Product Survey: ELISA Kits

Pimp Your ELISA
by Harald Zähringer, Labtimes 03/2013

The basic concept of the Enzyme-Linked-Immunosorbent-Assay (ELISA) hasn’t changed for more than forty years. However, ELISAs are anything but outdated and old-fashioned.

The Romans already knew how to colour glass with gold and silver nanoparticles.

Even forty years after its invention by two, independent research groups, the Enzyme-Linked-Immunosorbent Assay (ELISA) is still one of the most popular techniques for the determination of target analytes (antigens).

That’s quite a career for an assay, which started out as a simple dip-and-read pregnancy test project by the two Organon (now Merck) researchers, Anton Schuurs and Bauke van Weemen, back in the late nineteen-sixties. Schuurs’ and van Weemen’s pregnancy strip project failed; however, the resultant idea of using enzyme-linked antibodies to detect immunochemical reactions turned out to be a bull’s-eye hit.

The two immediately realised that their new method to quantify chorionic gonadotropin concentrations in urine, which they called Enzyme Immunoassay (EIA), was perfectly suited to also detect various other analytes.

Virtually at the same time, Peter Perl­mann and his PhD student Eva Engvall were tinkering around on a similar assay to quantify IgG levels in rabbit serum at the University of Stockholm, which they called ­enzyme-linked immunosorbent assay. Perlmann and Engvall published their ELISA­ assay­ in 1971 just a few months before Schuurs and van Weemen presented their EIA method.

Same ideas

Though the technical approaches of the two groups were slightly different, their basic concepts were more or less identical and are still at the heart of modern ELISAs. A primary poly- or monoclonal antibody binds to an antigen immobilised on the surface of a microplate. A secondary, enzyme-conjugated detection antibody is added, which recognises a target epitope of the primary antibody. The enzyme finally converts an added substrate into a coloured, fluorescent or luminescent product, which may be easily detected by an ­ELISA-reader.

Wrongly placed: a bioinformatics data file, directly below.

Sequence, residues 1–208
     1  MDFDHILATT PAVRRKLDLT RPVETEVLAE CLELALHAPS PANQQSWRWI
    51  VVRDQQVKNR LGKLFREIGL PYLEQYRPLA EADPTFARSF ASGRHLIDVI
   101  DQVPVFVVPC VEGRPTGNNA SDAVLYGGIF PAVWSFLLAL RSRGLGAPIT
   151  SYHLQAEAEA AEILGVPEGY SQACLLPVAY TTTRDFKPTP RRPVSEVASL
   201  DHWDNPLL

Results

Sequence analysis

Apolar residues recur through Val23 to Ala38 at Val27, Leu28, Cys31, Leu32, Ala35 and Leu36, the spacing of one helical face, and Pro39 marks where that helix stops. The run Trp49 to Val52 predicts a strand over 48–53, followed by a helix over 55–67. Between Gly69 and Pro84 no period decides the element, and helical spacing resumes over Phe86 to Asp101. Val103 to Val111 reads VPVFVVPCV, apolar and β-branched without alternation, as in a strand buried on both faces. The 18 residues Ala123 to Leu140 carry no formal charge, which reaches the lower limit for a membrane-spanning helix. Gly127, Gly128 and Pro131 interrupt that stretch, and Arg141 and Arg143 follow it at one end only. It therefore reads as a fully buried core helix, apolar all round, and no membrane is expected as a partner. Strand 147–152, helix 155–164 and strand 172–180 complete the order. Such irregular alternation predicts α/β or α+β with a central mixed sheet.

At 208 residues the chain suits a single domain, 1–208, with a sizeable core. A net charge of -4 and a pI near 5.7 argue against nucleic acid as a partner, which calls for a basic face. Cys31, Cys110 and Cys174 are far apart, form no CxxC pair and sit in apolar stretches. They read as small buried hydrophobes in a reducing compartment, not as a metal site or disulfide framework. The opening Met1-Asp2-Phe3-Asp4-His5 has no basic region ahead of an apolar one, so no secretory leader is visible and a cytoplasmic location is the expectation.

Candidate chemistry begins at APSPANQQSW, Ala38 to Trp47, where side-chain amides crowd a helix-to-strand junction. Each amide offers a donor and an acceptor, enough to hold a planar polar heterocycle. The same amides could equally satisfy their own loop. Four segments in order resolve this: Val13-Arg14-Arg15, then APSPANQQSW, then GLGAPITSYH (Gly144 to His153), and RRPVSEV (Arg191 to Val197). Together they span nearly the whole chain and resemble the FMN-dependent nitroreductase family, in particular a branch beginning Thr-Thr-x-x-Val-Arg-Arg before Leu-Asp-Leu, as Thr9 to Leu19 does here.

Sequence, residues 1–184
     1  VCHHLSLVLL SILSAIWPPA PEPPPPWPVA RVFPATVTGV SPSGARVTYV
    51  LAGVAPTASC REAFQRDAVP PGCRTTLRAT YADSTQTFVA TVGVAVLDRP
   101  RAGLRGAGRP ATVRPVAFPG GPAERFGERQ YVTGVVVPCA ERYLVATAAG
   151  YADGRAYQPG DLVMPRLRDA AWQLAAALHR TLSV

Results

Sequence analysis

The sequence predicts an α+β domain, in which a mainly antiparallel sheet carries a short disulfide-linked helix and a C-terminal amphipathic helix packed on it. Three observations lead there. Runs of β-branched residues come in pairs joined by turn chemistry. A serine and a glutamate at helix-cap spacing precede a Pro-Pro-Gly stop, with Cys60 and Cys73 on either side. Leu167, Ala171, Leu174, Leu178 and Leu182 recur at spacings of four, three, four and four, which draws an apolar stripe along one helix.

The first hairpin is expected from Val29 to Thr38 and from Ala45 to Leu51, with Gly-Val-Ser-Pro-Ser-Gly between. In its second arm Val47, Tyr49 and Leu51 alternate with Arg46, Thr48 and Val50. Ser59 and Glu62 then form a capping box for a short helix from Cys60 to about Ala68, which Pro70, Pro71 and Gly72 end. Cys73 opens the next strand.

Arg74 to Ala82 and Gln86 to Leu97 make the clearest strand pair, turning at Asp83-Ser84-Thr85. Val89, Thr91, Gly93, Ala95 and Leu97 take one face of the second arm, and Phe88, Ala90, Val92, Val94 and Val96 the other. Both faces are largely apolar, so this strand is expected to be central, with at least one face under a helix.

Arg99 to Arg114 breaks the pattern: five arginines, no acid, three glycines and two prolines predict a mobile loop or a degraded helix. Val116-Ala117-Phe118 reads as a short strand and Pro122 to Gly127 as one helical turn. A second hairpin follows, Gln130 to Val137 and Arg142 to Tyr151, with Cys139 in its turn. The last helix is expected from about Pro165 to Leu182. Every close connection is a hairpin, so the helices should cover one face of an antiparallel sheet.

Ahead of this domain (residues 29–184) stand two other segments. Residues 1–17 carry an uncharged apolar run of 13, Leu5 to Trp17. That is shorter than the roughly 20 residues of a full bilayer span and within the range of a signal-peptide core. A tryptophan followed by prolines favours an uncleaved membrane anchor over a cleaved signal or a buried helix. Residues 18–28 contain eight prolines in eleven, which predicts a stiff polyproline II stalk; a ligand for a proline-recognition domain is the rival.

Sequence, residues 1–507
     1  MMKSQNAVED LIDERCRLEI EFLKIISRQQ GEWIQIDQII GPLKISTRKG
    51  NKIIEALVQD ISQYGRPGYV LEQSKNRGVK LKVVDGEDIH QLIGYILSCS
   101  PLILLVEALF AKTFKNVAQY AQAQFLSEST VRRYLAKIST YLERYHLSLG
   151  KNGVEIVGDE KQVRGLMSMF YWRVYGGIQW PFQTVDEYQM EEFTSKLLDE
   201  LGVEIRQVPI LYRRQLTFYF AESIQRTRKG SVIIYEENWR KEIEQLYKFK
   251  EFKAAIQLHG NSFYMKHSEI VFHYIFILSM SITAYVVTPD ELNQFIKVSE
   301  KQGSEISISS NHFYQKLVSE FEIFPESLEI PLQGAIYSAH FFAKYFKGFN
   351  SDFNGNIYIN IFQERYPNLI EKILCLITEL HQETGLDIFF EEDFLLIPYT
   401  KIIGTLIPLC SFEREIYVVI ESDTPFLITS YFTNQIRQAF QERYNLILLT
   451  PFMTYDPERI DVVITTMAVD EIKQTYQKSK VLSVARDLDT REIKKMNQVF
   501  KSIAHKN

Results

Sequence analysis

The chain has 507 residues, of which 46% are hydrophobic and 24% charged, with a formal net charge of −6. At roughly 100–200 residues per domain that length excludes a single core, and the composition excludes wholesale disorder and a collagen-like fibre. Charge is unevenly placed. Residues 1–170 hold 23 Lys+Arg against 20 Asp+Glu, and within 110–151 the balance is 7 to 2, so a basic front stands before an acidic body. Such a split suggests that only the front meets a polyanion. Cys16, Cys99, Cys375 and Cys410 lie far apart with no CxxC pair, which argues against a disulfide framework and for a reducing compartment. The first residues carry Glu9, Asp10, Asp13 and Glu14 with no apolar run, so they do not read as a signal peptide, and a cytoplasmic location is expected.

Antigens may be directly coupled to the well surface. However, most researchers prefer sandwich ELISAs, where antigens are captured by an immobilised primary antibody and sandwiched between the first and a second primary antibody, targeted to another antigen epitope.

It took almost ten years, from the invention of the ELISA to the first commercial kit, actually an EIA kit, in the early nineteen-eighties. Some thirty years later, myriads of commercial ELISA kits for diagnostic or research purposes targeted to any thinkable antigen are flooding the market. All of them contain more or less the same basic ingredients, i.e., a (96)-microplate, block- and wash buffers, primary and secondary antibodies and a colour substrate.

Spoilt for choice

Finding the right kit for a certain application, however, is not always easy. You may choose between numerous different types of microplate surfaces, buffer compositions, or colour substrates as well as primary and secondary antibodies. ELISA plates, for example, are available in many surface formats ranging from pure polystyrene to surface coatings with protein A, G, and L or Biotin, Ni2+, glutathion and maleic acid to promote the binding of primary antibodies, proteins, streptavidin or other bio­molecules used in ELISAs.